The train to Pinhão

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There is a splendid train that travels from Oporto to Pinhão. Its creaky carriages are quite modest but they have windows that offer sumptuous views of the Douro valley.

The train leaves the station at a lazy pace but then it speeds up, hoping to impress the Douro river with the power of its engines. The river ignores these antics and continues to flow with confidence and poise.

At times, it looks like the train is going to dive into the river, such is the seductive power of the blue-green waters. At other times, the train tries to keep its distance, only to fall again under the spell of the Douro and travel back to its margins. It is as witnesses of the courtship between the steel train and the molten river that we arrive at Pinhão in the heart of the Douro valley.

 

 

Dona Antónia’s great grandson

Composite Quinta S. José

João Brito e Cunha is the great grandson of the legendary Dona Antónia Ferreira, the woman who shaped the future of wine production in the Douro valley.  Born in 1811 to a family of rich wine makers, Dona Antónia seemed destined to enjoy a life of leisure. Instead, she had to contend with two plagues that decimated European vineyards, the oidium in 1850 and the phylloxera in 1870. Dona Antónia rose to the occasion, making shrewd choices and taking calculated risks. She made great wine and amassed a large fortune. When she died in 1896, she owned 24 wine estates and huge wine cellars in Vila Nova de Gaia.

João’s grandfather was a taster for the renowned Real Company Velha. His father managed the famous Quinta do Vesuvio, which in Dona Antónia’s time produced some of the most expensive wines in the Douro valley.

We tell you this family history so that you know that João Brito e Cunha had no choice, the love of wine runs in his blood. He studied enology, first in Vila Real’s UTAD and then in Australia. He interned in Champagne and in many other wine regions. When he felt ready, he bought Quinta Dom José from his father and moved to the estate with his wife Sofia and their kids.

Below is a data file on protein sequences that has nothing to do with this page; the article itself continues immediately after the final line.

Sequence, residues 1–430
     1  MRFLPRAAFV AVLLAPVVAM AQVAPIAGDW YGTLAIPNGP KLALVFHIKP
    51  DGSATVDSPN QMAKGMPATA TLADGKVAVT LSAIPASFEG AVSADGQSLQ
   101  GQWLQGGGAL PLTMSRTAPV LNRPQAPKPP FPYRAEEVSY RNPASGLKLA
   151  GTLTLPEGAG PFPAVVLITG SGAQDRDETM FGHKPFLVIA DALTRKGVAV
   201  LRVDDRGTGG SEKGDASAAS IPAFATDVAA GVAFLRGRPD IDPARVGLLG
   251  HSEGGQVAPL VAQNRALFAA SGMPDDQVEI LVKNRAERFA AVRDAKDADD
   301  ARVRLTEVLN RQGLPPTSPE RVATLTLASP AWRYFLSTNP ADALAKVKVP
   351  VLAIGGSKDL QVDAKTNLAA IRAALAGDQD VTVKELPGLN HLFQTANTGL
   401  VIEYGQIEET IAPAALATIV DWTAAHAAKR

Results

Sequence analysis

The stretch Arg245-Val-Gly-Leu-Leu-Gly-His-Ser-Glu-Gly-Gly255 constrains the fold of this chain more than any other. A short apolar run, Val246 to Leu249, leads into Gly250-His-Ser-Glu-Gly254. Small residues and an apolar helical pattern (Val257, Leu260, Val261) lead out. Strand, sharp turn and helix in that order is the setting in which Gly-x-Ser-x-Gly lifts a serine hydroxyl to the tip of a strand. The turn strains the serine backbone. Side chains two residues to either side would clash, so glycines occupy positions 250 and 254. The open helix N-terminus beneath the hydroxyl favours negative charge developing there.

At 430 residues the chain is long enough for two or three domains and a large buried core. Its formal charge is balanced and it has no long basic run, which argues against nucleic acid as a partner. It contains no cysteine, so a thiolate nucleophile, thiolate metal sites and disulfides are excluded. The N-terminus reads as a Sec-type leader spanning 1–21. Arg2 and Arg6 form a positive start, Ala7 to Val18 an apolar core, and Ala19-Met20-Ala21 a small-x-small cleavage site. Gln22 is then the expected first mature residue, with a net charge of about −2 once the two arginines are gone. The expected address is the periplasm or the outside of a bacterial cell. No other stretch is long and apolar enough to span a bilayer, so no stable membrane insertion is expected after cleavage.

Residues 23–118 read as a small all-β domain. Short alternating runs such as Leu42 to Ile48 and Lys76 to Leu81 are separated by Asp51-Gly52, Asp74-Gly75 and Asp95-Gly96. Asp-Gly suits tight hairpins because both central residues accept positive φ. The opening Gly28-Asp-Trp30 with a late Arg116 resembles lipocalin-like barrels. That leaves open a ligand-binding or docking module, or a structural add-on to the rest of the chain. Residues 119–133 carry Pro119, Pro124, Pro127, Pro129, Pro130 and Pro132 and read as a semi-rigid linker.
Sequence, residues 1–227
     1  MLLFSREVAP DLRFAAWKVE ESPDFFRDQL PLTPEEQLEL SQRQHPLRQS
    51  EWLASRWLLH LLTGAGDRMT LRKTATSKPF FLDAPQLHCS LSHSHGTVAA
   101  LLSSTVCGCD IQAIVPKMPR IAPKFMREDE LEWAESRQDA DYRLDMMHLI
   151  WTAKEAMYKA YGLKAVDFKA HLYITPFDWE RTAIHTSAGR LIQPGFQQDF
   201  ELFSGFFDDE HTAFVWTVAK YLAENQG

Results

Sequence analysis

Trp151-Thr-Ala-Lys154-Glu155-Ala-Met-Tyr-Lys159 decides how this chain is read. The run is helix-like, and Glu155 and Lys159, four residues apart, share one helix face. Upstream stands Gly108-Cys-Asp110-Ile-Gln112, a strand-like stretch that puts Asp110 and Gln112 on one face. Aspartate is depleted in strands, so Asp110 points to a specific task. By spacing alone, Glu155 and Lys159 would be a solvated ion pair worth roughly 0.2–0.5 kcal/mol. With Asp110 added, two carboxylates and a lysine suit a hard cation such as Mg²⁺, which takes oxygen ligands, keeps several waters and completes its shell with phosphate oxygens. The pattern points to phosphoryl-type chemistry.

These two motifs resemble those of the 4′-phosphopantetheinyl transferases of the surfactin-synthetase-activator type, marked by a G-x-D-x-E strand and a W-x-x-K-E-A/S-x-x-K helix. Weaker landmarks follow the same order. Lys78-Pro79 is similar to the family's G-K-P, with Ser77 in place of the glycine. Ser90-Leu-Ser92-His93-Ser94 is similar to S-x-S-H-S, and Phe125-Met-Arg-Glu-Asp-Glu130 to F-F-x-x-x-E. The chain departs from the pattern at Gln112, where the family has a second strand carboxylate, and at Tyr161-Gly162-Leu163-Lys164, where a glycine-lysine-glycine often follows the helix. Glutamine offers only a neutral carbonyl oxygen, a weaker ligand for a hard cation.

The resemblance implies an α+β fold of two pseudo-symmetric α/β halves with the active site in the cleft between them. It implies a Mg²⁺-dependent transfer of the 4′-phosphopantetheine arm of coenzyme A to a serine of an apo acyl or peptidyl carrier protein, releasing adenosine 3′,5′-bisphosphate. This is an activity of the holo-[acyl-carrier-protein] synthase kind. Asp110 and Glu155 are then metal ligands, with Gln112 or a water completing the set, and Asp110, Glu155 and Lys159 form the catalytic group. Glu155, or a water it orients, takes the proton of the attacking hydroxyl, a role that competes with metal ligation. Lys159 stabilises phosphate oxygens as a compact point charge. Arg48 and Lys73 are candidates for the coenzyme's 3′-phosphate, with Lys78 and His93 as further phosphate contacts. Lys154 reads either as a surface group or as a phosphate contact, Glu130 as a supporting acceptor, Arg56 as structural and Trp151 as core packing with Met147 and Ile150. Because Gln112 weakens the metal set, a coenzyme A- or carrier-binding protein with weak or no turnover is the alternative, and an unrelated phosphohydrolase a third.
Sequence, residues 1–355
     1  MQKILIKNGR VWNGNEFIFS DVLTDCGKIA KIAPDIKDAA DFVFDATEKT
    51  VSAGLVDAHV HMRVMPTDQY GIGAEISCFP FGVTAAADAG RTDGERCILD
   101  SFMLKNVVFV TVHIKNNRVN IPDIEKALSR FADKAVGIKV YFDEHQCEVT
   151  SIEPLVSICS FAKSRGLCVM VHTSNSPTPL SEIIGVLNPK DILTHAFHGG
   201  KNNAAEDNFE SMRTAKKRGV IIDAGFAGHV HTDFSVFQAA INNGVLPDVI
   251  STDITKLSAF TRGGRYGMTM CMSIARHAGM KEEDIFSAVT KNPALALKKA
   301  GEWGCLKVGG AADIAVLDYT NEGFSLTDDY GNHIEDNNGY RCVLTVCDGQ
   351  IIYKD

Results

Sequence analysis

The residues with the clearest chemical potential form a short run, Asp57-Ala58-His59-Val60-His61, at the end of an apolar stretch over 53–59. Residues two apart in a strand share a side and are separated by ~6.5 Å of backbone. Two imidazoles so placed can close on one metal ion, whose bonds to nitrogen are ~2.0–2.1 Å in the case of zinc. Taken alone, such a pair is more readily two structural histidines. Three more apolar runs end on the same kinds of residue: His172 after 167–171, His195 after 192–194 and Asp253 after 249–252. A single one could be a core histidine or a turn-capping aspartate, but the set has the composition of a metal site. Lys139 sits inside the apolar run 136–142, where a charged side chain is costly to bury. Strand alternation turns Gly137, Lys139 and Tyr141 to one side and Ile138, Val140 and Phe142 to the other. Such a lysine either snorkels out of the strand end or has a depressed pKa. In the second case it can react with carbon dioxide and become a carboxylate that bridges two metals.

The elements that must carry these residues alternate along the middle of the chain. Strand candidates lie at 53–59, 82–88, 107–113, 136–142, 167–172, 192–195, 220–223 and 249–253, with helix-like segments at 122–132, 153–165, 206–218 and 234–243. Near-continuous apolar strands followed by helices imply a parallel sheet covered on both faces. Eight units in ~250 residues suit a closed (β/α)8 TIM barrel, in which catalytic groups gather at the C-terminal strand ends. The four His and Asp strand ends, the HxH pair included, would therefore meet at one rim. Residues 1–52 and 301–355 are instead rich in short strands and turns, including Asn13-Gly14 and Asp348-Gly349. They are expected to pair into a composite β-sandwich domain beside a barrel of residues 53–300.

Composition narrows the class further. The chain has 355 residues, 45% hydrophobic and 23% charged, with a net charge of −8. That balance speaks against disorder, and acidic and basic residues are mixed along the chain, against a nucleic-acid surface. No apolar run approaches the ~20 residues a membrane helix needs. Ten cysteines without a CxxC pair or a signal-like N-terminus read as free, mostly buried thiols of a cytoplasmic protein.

We arrived at Quinta Dom José late in the afternoon, just as the sun was getting tired of making the brilliant light that shines on the Douro valley. João is very intense and his energy is contagious. He wanted to show us everything, the vines, the cellars, the different viewpoints. As soon as we got into his jeep, he accelerated up the steep, treacherous road leaving being a colorful dust cloud.

We stopped on a hill top with breathtaking views of the Douro river. João wants us to understand that in a region where beauty abounds, this quinta is like no other. He shows us with pride the schist soil that preserves humidity during the scorching Summers and the vine roots that dig deep in search of water.

João drove us up to the tasting room to try his wines. The Flor de São José white Reserva is an aristocratic wine that enchants the palate with its refined elegance. The Touriga Nacional Reserva is an indulgent red, with a full body and an understated intensity. The Grande Reserva is a profound wine, full of wisdom, finesse and subtlety. The 3,400 bottles produced last year quickly sold out.

We stayed in the terrace outside the tasting room talking to João for hours. It was a warm night with a sky full of stars.  A choir of crickets sang in the background. João told us about his vines, his wines and his dreams.

Dona Antónia regretted every moment she spent away from the Douro. João feels the same way–he inherited his great grandmother’s passion for the Douro valley. And like her, João is destined to make great wine.

Quinta de São José is located on Ervedosa do Douro, tel. 93 4041413. Click here for their website. 

Six Senses Douro Valley

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One of the most enchanting places in the Douro region is called Vale de Abraão (the valley of Abraham). It got its name from Abraão Farah, a Jew from nearby Lamego who rented the estate from João Lourenço de Seara, a squire of the king. No one knows for sure what Abraão did. Some say he was a physician, others that he was a scientist. But he must have been a remarkable person for the people of the Douro named the valley after him.

Five centuries later, the estate belonged to a descendent of the king’s squire called Laura Leitão. At the time, the Douro was remote and isolated. But Laura and her husband fell in love with Vale de Abraão and decided to make it their home. Together, they built a house and a chapel surrounded by serene gardens, graceful fountains and woods planted with exotic trees. They brought the first electrical generator to the Douro and at night their lightbulbs shined like new stars in the sky.